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RECITAL REVIEW
Diane Maltester and Friends / Sunday, November 9, 2014
Diane Maltester

LaDene Otsuki and Diane Maltester Nov. 9 in Vallejo

CHAMBER MUSIC MASTERY IN VALLEJO SYMPHONY ORCHESTRA CONCERT

by Elizabeth Warnimont
Sunday, November 9, 2014

The Vallejo Symphony Orchestra presented the first small group performance of its 2014-2015 season Nov. 9 in the casual setting of Vallejo’s First Presbyterian Church. Clarinetist Diane Maltester wowed the audience with stunning performances of pieces by well-known and rarely heard composers.

“Diane and Friends,” the title of the concert, featured Ms. Maltester with pianist LaDene Otsuki and cellist Dawn Foster-Dodson. Beethoven’s B Flat Trio, Op. 11, was the opening work and Ms. Maltester’s instrument sang beautifully throughout. The Trio opens with an allegro movement in which cello and clarinet must speed through sprightly runs in sync with each other, while the piano contributes the soothing element of even, rhythmic accompaniment. The mood of the piece is lighthearted despite the virtuosic requirements it places on the musicians. Its succession of happy passages reminded me of a Buster Keaton silent film, lively and playful with few quiet interludes.

The second movement is Adagio, slowing things down enough for the composer to convey deeper emotions and allowing a more contemplative tone from both the wind and string instruments. Ms. Maltester's sensitive and masterful playing was all the more remarkable juxtaposed in these two contrasting movements.

The finale is a continuum of nine variations on the theme “Pria ch'io l'impegno” (Before I go to Work). The trio in its entirety is often referred to as the Gassenhauer, or “Street Song”, referring to the theme in this third movement that was commonly played by street musicians in Beethoven's time. Ms. Foster-Dodson’s sonorous cello was clearly heard in this part that included high-speed synchronized runs and expressive solo segments.

Weber’s brilliant Grand Duo Concertant, Opus 48, a showpiece for piano and clarinet, was a technical challenge for the performers, and Ms. Maltester played the emotional passages in the clarinet’s lowest register with a beautiful tone and apparent ease. The Duo also demands piano virtuosity and Ms. Otsuki’s playing kept pace with the sometimes lightning-fast runs.

The second movement is notably mournful at the onset, transitioning to more thoughtful passages before becoming more excited and hopeful at its height. The movement culminates in a somber and pessimistic tone, contrasting with the concluding Rondo movement in which piano and clarinet both sing happy tunes of revelry. As if to emphasize its happy ending, the piece concludes on a decisive final note, a tonal declaration of victory.

After a brief intermission, works by Bernstein and Muczynski were heard. The Bernstein's neoclassical Sonata for Clarinet and Piano, from 1943, has a modern feel with unusual and complex chord changes, rhythms and tonalities. The beginning Grazioso movement opens with tremendous discord, a sound of dizzying confusion and volume. Some bright melodic lines appear briefly, only to sink back into the mire of complex sound. The movement then transitions into music more palatable to most concertgoers. The following Andantino movement is dance-like in its relative grace and simplicity. The music is flirtatious and uncluttered, evocative of a contemporary dance performance. Passages of serene solitude interlace with more upbeat, celebratory strains. It was easy to hear the tenderness of sound from both the clarinet and the piano, especially in the upper registers. Ms. Otsuki’s playing was more aggressive here, exuding unfettered joy in the dancing piano passages.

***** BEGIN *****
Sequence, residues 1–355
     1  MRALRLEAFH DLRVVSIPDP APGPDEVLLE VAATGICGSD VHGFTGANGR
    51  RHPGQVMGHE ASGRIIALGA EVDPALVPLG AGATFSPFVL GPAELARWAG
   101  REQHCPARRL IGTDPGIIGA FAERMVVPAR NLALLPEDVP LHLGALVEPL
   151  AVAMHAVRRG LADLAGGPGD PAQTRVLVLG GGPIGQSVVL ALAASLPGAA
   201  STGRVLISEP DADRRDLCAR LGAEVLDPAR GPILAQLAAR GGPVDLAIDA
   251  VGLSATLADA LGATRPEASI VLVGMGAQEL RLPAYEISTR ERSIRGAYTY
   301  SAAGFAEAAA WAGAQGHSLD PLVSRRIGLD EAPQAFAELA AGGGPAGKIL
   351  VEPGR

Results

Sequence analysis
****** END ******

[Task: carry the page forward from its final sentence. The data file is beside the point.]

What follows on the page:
The pianist’s playing was most persuasive in the Muczynski’s Op. 26 Fantasy Trio, beginning with the Allegro Energico. The composition shares the modern tone of the Bernstein piece but without the overly complex rhythms and dissonance. Ms. Otsuki's played beautifully expressive phrases in the sweet melodic segments, and the cello line also had a strong, pulsating ground beat and bright, violin-like melodies.

In the Andante movement the interactive melody and harmony that develops between cello and clarinet was striking, as if the two disparate sounds originated from one unified source. It was a sound of ethereal and pure beauty. In the finale (Allegro) Ms. Foster-Dodson played many dramatic runs and sharp staccato bursts. Themes from the earlier parts of the piece culminated here in a gala of sound. The higher-register melodies allowed Ms. Maltester to demonstrate another aspect of her mastery as she elicited flute-like sounds from her instrument.

As in the Weber Concertant, the Trio ends decisively with a clever play of changing meters and had an upbeat and celebratory character.

“Diane and Friends” was the final performance of the calendar year for the Vallejo Symphony, and the season continues with “Concert for the Animals” on January 25 in Vallejo’s Hogan Auditorium. The soloists will be pianists Eric Tran and Nathan Cheung with narrator Corey Fischer. David Ramadanoff is the conductor.

This review first appeared in the Benicia Herald.